Francia Raísa is “beyond grateful” she could save Selena Gomez’s life through kidney donation

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Moya Crockett
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Earlier this week, Selena Gomez revealed that she had had a kidney transplant with a kidney donated by her friend Francia Raísa. Gomez suffers from lupus, an autoimmune disease that often causes kidney function to decline severely, and underwent surgery this summer. She thanked Raísa in an emotional Instagram post, saying: “She gave me the ultimate gift and sacrifice by donating her kidney to me. I am incredibly blessed. I love you so much sis.”

Now, Raísa – an actress who, like Gomez, lives in Los Angeles – has shared her side of the story in a touching Instagram post of her own.

The kidney transplant was a matter of life and death for Gomez, said Raísa.

“I am beyond grateful that God would trust me with something that not only saved a life, but changed mine in the process,” she wrote.

In Gomez’s original post, the singer and actress said that she was looking forward to sharing her “journey through these past several months” with her fans. Raísa echoed that sentiment, saying that she and Gomez would be putting out more information about the surgery in due course.

“This was part of our story, and we will share it soon,” she said.

However, Raísa also urged people to remember that Gomez is not the only person to suffer from lupus. The illness is estimated to affect at least five million people worldwide, and tends to predominantly affect women of childbearing age and people of Hispanic, Asian and Afro-Caribbean descent.

“What is important now is that this is not the only story,” wrote Raísa. “For more information regarding lupus, please go to the Lupus Research Alliance website: – Love you sis, so glad we’re on this journey together.”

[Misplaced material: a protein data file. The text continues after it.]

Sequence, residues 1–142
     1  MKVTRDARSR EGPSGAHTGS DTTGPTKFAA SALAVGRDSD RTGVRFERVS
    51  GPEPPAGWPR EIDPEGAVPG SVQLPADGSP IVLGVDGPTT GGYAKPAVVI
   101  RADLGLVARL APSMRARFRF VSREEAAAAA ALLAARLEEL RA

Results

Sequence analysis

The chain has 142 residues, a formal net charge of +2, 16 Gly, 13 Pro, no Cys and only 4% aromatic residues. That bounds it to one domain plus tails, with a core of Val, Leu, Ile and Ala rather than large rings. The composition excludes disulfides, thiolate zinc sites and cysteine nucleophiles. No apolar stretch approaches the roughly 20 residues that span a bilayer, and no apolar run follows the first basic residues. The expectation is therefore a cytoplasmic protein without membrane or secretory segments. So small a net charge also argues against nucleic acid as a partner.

Raísa and Gomez have been friends for eight years. On Gomez’s 25th birthday in July, Raísa posted a throwback photo of the pair, paying tribute to their deep friendship in the caption.

“I went through heartbreak this year and you left the studio and drove out of your way to come see me and comfort me,” she wrote. “I received good news last month and you facetimed me minutes before you went up on stage just to congratulate me.”

“There are so many moments we have and things you do that I cherish and don't take for granted.

“Whether it’s crying, laughing, or simply sitting on my kitchen floor throwing our hands up in the air confused at life, I'm thankful you're always there.”

Gomez first revealed that she had been diagnosed with lupus in October 2015, when she was just 23 years old. She told Billboard that she had gone through chemotherapy to combat the disease, which damages the body’s immune system.

A healthy immune system should produce proteins called antibodies, which protect the body from viruses, bacteria and germs. However, in the case of someone with lupus, the immune system creates autoantibodies, which attack and destroy healthy tissue. This can result in symptoms including extreme fatigue, painful joints and hair loss, and in severe cases can cause sufferers to develop other serious illnesses such as kidney disease and heart disease.

Lupus has also been linked to mental health issues, with many sufferers also experiencing generalised anxiety and depression. According to the organisation Lupus UK, this may be a reaction to the experience of having a long-term chronic illness, particularly one that makes it hard to live a ‘normal’ life.

Gomez entered a treatment facility for lupus-related anxiety and depression in 2016. Earlier this year, she said that she wanted other women to feel able to talk about their mental and physical health struggles.

“We girls, we’re taught to be almost too resilient, to be strong and sexy and cool and laid-back; the girl who’s down,” she said. “We also need to feel allowed to fall apart.”

For more information and advice on living with lupus, visit